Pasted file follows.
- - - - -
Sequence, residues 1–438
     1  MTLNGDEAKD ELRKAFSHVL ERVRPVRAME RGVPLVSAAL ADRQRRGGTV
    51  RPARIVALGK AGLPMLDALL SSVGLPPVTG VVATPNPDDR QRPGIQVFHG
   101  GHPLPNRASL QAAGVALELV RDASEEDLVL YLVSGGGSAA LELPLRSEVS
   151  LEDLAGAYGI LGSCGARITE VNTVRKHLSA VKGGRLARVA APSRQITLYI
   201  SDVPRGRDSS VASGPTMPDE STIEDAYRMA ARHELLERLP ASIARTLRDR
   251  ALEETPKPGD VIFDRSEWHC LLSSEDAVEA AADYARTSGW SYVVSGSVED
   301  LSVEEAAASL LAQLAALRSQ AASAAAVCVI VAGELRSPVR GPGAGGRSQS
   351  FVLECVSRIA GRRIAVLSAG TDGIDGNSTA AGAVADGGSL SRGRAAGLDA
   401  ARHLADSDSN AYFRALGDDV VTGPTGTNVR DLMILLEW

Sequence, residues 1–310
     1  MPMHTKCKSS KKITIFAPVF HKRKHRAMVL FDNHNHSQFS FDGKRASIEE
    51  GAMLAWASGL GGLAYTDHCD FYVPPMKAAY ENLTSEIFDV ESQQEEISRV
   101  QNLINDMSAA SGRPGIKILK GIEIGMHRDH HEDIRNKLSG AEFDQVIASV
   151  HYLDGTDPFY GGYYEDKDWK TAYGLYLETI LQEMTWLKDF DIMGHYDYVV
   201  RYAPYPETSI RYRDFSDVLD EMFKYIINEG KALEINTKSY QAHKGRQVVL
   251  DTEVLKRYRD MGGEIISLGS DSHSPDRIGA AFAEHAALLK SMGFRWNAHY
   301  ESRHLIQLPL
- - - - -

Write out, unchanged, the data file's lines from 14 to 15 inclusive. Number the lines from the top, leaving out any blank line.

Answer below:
   101  QNLINDMSAA SGRPGIKILK GIEIGMHRDH HEDIRNKLSG AEFDQVIASV
   151  HYLDGTDPFY GGYYEDKDWK TAYGLYLETI LQEMTWLKDF DIMGHYDYVV